Despite community pressure to cancel the scheduled performance of controversial reggae artist Buju Banton, the show went on last night at the Blind Pig.
But while Banton was inside the club setting up for a sound check, dozens of protesters gathered outside in the early evening to wave signs reading “WWMD: What Would Marley Do?” and “Say NO To Blind Pigotry.”
Chris Armstrong, Michigan Student Assembly LGBT Commission Chair and an attendee at the rally, said the fact the Blind Pig allowed the show to go on is especially hurtful because of how much the LGBT community has supported the establishment in the past.
“We were hoping that the Blind Pig would cancel the show and they didn’t,” Armstrong said. “A lot of people come to U of M because it’s so accepting, and it has an amazing LGBT community. The Blind Pig has been a part of that.”
Banton has been criticized for lyrics in his song “Boom Bye-Bye,” in which Banton raps about shooting gay men with guns and, as some argue, burning their skin with acid. His shows have been cancelled at many venues across the country, most recently in Detroit at the Majestic Theatre.
Many of last night’s protestors contacted the Blind Pig in hopes that officials at the venue would cancel the show. But when the club decided not to cancel the show, Social Work student Lindsey McKinney decided to organize a protest.
“My panties are in a bundle, as should everyone else’s,” McKinney said, referencing a quote in yesterday’s edition of the Daily in which Faith Wood, general manager of the Blind Pig, said she wished people better understood the issue they were getting “their panties in a bundle” about.
Last night, The Blind Pig issued a statement staffers printed off and taped to the doors and windows of the building defending the venues decision to allow Banton to play.
“We have come to the conclusion that this artist does not support the point of view that he put forward in his controversial song,” which he made when he was 15 years old, the flier read. “And that, to the contrary, his current performances are celebrated by many because of the powerfully positive messages he puts forward at his concert.”
Jason Berry, the Blind Pig’s talent buyer who booked Banton, said that in the three times he has worked Banton’s shows, he has never seen him play the song.
“He’s very sensitive to this topic,” he said. “Not only does he not ever perform any of his work from when he was kid, he doesn’t even allow the DJs who spin before or after his sets to play anything that would resemble homophobic material.”
Berry said that he came outside himself during the protest and had a very “civil dialogue” with the protesters. He added that he planned on opening the doors to the club when Banton discussed the controversial song.
“I went out there and talked to them myself,” Berry said. “The mayor came down and he brought the leaders of the group in and we sat there and chatted, and I was just kind of filling the mayor in on what Buju was all about and why the Pig is doing this.”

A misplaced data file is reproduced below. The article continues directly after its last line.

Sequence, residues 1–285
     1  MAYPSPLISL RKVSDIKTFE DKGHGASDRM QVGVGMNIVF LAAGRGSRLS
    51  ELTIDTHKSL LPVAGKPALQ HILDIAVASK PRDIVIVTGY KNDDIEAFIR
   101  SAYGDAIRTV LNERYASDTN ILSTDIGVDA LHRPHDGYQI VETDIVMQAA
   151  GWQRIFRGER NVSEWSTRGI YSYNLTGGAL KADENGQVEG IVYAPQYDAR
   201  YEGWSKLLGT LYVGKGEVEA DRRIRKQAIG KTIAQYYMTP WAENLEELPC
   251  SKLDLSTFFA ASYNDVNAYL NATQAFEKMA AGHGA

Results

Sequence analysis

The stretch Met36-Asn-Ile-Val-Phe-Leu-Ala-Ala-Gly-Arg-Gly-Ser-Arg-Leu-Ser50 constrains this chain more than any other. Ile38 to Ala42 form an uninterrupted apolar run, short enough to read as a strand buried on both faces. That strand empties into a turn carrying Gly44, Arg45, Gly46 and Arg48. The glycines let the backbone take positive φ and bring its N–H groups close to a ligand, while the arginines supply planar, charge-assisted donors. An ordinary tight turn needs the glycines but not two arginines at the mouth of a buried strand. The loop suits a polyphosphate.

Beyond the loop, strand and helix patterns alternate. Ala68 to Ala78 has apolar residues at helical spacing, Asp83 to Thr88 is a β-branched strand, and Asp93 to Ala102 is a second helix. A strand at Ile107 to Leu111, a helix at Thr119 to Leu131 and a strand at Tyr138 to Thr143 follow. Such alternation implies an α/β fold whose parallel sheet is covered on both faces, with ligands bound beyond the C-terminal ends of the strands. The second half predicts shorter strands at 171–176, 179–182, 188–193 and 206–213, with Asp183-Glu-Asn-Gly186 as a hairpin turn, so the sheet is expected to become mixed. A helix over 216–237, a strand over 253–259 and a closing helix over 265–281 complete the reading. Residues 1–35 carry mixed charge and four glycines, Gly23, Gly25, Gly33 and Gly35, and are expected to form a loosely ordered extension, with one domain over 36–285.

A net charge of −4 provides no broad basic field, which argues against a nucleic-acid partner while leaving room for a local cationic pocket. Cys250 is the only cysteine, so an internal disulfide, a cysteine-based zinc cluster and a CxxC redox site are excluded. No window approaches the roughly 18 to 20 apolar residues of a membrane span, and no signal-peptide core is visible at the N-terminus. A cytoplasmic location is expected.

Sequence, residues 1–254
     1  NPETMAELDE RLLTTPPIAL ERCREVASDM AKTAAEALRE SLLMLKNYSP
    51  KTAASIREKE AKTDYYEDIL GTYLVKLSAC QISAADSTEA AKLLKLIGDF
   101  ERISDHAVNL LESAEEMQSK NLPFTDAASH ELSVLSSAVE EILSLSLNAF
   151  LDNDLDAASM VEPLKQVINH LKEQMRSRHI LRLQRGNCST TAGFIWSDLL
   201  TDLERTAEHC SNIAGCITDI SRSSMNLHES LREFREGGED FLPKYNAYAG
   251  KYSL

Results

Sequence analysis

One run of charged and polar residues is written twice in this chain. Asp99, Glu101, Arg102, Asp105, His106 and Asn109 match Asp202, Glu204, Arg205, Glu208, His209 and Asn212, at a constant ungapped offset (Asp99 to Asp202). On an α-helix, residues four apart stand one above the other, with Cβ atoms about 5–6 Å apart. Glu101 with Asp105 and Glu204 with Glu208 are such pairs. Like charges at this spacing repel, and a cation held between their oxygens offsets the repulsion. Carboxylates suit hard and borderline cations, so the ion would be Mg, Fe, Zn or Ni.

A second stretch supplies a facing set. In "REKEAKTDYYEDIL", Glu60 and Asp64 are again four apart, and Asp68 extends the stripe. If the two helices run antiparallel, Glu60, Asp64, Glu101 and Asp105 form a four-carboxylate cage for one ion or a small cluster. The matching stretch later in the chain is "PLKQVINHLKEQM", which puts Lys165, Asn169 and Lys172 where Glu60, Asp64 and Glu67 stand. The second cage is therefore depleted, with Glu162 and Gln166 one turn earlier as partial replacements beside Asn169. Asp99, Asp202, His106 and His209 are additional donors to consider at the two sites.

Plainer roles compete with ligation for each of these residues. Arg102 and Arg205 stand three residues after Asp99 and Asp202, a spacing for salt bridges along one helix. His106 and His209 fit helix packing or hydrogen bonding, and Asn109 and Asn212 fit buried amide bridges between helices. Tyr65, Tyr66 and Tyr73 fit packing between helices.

Armstrong, however, said that he does not believe that Banton’s prejudices are in the past and said he has been recorded singing his controversial song “Boom Bye-Bye” in the past couple of years.
“He was recorded saying ‘the war between me and faggots will never end,’” Armstrong said. “It’s hard to believe he’s turned a new leaf.”
Phil Volk, Michigan Democratic Party LGBT Caucus member an attendee at the rally, said the protesters are serving an important purpose.
“Any place where they allow degrading LGBT people have to know it’s wrong and they have to see (this protest) to know it’s wrong,” Volk said. “People are feeding hate by attending this concert.”
But not all LGBT activists supported the protest.
Bill Dobbs, who is a well-respected and nationally renowned gay activist and University alum, said the LGBT community should not be protesting Banton’s right to free expression by calling for the show’s cancellation. But, rather, they should be protesting the message of his songs, Dobbs said.
“The dangerous part of this protest is when it’s not just to confront his lyrics but to shut him down,” Dobbs said. “It’s fine to protest, but it’s not fine to work to pull the plug.”
Dobbs added that the timing of the protest is a bit ironic as this week is Banned Books Week, which aims to bring awareness to the dangers of censorship.
Dobbs likened the push to prevent Banton from performing at the Blind Pig to the censorship attempted against certain video games and erotica because they are believed to cause violence.
He said he believes free speech, hateful or not, should never be compromised.
“I’m not defending Banton’s lyrics,” Dobbs said. “What I’m alarmed at is a tactic … the gay and lesbian folks who are out there on the street are doing to somebody else exactly what’s been done to them and that always comes back to haunt.”
Lawrence Steirhoff, a second-year University Law student and political action chair of the OutLaws group, an LGBT organization in the Law School, said the claim that the protest is an attempt to stifle Banton’s First Amendment rights is “idiotic.”
He said he believes that the community should be able cancel the show because, though Banton has the right to say what he wants, the protestors are within their rights to attempt to prevent him from performing in their community.
Ann Arbor Mayor John Hieftje, who was at last night’s protest, said he was in communication with representatives from the Blind Pig to try and urge them to cancel the show, but ultimately his requests were denied.
“I’ll certainly respect their right to put the show on,” Hieftje said. “But we’re out here to protest.”
— Daily News Editor Jillian Berman contributed to this report